Numerous but unsuccessful attempts in the 2000s
The next wave of electoral system reform occurred mostly in the provinces during the 2000s. Extensive consultations took place through royal commissions and parliamentary committees in Québec, New Brunswick and Prince Edward Island, while British Columbia and Ontario opted for the new and fashionable device of citizen assemblies composed of randomly selected persons with no ties to political parties. Whatever their nature, all these bodies opted for some form of proportional representation. While BC’s citizens’ assembly favoured STV, all others offered MMP models, an approach that was also recommended for federal elections by the Law Commission of Canada. In early 2005, the country was seemingly ripe for major electoral reform.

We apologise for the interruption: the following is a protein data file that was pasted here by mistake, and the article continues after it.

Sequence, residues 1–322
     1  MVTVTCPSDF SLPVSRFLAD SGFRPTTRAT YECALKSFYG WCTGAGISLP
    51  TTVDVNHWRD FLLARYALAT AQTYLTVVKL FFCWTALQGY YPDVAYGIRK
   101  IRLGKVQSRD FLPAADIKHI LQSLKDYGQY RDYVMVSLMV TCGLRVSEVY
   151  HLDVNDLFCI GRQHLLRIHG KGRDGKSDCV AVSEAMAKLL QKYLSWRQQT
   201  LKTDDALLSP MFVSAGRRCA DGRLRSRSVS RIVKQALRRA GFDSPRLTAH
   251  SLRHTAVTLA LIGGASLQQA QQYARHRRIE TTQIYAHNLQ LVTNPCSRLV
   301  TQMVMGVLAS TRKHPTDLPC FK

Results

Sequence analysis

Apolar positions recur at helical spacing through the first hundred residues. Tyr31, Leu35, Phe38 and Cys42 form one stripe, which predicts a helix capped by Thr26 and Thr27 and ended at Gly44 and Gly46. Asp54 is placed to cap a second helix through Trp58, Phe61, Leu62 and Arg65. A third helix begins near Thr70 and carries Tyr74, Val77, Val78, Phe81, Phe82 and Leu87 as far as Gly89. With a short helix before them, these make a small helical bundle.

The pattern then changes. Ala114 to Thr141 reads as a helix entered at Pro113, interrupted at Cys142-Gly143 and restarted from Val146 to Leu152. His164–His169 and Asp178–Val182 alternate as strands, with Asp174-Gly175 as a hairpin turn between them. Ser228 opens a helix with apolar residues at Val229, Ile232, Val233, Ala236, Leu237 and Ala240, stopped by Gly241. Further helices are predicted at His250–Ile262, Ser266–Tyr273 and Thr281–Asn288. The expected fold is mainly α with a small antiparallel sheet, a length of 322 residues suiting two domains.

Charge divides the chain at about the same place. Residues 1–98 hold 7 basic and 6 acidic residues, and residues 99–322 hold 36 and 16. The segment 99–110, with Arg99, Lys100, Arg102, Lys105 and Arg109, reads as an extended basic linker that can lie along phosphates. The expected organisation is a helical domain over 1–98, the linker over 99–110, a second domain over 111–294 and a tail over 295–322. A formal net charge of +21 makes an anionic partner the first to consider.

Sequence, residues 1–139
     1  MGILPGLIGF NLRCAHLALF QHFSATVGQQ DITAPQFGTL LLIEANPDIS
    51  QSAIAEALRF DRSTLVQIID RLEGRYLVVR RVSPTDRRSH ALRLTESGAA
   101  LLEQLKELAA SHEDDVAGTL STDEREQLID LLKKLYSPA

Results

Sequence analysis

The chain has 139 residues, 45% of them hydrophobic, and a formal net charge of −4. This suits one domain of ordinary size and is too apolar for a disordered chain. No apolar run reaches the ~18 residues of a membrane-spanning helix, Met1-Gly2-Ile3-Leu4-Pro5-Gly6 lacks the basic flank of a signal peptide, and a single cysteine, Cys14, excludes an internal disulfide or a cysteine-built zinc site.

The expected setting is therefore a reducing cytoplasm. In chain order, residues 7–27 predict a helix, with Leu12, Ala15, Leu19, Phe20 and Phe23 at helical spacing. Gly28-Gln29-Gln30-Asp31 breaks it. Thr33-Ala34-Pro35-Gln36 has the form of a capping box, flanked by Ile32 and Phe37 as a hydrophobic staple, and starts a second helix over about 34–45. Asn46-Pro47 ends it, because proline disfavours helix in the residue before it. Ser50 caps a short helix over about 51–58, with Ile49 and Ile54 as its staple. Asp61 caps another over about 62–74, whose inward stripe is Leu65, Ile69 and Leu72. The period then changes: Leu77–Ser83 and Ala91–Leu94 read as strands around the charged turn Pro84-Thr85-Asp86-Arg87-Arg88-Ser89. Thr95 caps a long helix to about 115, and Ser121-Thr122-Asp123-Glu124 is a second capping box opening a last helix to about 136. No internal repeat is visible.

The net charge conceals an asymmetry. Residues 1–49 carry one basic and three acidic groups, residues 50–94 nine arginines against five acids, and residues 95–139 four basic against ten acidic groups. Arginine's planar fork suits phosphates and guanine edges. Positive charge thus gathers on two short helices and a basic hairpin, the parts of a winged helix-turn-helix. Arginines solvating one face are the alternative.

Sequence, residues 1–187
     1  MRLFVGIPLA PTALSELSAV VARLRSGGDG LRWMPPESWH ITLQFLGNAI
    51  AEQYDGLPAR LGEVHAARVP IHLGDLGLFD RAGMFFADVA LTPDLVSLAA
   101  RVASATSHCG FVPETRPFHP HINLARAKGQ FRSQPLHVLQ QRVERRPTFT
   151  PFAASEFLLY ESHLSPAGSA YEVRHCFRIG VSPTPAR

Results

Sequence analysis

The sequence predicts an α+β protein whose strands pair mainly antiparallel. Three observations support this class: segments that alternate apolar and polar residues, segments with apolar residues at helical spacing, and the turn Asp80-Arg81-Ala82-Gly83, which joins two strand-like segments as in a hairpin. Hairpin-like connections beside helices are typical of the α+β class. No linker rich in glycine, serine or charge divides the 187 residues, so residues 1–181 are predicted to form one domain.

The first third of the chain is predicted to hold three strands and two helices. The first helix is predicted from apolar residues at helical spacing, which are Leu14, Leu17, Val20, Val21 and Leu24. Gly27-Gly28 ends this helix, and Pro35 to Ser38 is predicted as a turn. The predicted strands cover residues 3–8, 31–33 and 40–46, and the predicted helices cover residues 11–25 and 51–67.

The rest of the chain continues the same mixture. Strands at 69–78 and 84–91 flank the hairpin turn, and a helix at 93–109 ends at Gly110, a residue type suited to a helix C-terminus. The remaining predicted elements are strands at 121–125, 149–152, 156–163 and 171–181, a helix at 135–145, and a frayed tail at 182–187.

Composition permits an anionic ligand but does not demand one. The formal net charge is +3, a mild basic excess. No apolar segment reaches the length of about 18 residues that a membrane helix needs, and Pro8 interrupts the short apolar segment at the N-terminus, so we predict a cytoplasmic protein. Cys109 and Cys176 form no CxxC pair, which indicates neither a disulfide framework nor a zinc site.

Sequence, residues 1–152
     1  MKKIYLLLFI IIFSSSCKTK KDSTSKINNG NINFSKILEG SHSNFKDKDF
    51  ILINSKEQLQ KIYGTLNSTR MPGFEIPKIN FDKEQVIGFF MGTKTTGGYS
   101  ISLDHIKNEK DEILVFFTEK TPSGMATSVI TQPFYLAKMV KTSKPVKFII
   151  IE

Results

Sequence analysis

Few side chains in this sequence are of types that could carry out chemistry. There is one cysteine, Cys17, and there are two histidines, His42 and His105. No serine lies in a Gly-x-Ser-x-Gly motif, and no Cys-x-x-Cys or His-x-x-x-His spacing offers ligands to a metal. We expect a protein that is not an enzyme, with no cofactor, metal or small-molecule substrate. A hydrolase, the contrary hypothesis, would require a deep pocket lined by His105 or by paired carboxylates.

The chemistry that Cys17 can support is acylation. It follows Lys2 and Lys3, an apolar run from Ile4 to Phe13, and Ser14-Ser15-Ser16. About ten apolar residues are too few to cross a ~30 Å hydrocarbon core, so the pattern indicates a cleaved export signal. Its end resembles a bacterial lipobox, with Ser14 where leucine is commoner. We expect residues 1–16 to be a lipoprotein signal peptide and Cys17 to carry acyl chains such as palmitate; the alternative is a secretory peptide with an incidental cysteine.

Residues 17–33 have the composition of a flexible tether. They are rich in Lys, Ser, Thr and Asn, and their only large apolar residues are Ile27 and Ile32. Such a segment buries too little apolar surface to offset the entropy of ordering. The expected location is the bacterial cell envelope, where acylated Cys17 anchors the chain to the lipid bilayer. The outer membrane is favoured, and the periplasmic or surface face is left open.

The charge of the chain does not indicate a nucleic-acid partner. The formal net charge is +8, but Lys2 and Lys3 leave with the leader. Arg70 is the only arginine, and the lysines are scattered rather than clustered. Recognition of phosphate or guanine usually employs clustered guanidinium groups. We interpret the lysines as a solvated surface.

It came to nothing. In BC, STV was supported in 2005 by 57 per cent of the voters at a referendum, but failed to win because politicians had set the threshold for victory at 60 per cent. In a second referendum held four years later, STV failed again, this time with only 39 per cent of the vote. In 2007, 63 per cent of the voters of Ontario decisively rejected MMP in a referendum. In 2005, a similar proportion of PEI residents had rejected MMP. In Québec, the MMP system proposed by the government was criticised on all sides and was killed by the ruling party’s caucus. In New Brunswick, no action was taken until the government was defeated in 2006, and the issue was shelved. The Law Commission of Canada proposal was coldly greeted by federal MPs and was forgotten after the Liberals’ defeat in 2006.